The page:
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What are the various differences between an H-beam and a I-beam ? View All

6 years ago - 3 weeks left to answer. - 5 responses - Report Abuse
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rahul gopinath
H beams are mainly better, heavier and more load resistant that the I beams

6 years ago


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Saying H-beams are better than I-beams is very subjective. It is important to use the optimal beam configuration for the application.

In general H-beams have longer and heavier flanges than I-beams, but in many times the term H-beam and I-beam can be used interchangeably and is depend on the Industry and the Country where the term is being used.

To make designations of beam types even more confusing. I-beams can be called W-beams for "Wide-Flange" beam.

If you look H-beam up on wikipedia you are redirected to the I-beam page.


5 years ago


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Richard Williams
Well not being an engineer I looked at your answer and then the two letters involved with the descriptions. I of course have to be wrong about this but isn't an I-beam actually an H-beam lying on its side?

5 years ago


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John Tsouflias
an H beam here in the US is primarily used as steel piles, mainly because of its heavy section properties. I beams are similar to H beams, but less stocky. I beams are primarily used in steel framed buildings or similar structures. H beams are not economical in use for framing purposes

5 years ago


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Steel Vs Timber Beams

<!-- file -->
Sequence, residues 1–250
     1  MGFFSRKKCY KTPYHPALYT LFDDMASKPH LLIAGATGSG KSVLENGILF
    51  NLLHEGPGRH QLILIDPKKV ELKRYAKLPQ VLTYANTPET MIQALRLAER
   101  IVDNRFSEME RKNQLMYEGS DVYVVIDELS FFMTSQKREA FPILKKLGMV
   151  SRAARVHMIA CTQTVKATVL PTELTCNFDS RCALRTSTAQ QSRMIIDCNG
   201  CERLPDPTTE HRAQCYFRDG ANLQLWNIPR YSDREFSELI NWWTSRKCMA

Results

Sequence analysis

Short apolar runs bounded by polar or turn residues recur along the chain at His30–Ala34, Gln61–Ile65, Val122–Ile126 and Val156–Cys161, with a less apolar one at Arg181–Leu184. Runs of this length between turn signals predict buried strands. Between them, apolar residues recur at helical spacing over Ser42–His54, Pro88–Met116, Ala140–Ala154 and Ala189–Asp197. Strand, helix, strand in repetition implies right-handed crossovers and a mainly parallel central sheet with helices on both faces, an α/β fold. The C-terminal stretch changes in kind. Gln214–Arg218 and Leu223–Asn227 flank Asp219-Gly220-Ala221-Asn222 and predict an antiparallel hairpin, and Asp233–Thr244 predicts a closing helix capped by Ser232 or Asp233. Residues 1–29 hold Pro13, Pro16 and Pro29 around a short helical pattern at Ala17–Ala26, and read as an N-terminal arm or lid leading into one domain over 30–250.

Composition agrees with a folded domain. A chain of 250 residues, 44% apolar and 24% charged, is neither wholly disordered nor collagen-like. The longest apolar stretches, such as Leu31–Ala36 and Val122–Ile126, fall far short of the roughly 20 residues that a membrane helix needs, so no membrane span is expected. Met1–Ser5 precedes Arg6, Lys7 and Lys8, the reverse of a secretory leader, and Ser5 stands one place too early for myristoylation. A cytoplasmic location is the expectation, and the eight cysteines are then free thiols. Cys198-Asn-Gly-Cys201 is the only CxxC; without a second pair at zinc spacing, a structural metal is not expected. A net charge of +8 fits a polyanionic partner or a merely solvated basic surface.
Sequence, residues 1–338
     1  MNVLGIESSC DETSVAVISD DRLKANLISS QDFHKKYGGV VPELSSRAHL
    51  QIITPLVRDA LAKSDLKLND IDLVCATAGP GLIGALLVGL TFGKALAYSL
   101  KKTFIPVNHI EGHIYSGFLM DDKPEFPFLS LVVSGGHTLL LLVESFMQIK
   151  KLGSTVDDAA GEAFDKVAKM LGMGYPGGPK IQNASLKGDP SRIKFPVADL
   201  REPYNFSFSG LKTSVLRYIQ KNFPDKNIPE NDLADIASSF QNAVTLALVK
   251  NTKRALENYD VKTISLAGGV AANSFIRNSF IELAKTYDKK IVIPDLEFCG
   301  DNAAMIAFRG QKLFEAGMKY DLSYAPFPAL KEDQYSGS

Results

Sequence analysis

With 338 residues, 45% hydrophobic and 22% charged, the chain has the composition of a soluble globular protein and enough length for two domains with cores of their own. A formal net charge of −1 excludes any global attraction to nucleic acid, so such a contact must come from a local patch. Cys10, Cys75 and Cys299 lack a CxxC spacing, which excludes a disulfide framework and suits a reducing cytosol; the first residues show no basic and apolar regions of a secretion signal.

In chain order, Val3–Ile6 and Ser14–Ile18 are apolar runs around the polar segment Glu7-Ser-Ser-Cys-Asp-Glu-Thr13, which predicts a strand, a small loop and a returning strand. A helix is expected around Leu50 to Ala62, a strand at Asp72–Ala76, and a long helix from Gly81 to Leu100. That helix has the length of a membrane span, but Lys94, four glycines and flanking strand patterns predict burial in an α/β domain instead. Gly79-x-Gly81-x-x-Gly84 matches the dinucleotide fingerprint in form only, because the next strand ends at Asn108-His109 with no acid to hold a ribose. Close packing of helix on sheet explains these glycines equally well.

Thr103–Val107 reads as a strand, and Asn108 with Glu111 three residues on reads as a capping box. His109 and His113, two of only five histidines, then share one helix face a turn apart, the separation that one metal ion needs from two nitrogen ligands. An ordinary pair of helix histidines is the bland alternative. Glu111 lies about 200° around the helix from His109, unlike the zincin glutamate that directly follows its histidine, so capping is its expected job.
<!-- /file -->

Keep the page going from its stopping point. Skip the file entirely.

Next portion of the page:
s:Steel is expensive - especially given recent increases in world steel

t:Timber is cheaper and less prone to world fluctuations in prices

s:Steel needs a specialist supplier/fabricator
t:One supplier/fabricator for all structural needs

s:Steel needs a specialist subcontractor on site
t:One subcontractor (a Carpenter) for all onsite needs

s:Steel work involves greater organisational complexity i.e. steel work

has to interrupt the carpentry work, to allow carpentry work to proceed
t:No interruptions to the flow of trades work

s:Site welding creates safety issues for those undertaking the work

t:No safety needs over and above normal carpentry needs

s:Steel involves heavy lifting which may include cranes, props and

t:Timber is lighter and involves simpler handling procedures

3 years ago


  0     0  does not provide engineering advice. The Ask@ service is a forum for members to exchange ideas relating to the world of engineering. We caution users not to accept any responses that they receive without further validation, and not to rely on any engineering advice that they may get from other members of the Ask@ forum. specifically disclaims any obligation to validate or verify any information posted within the Ask@ service. encourages users to seek the services of a professional engineer for any engineering advice they may require.

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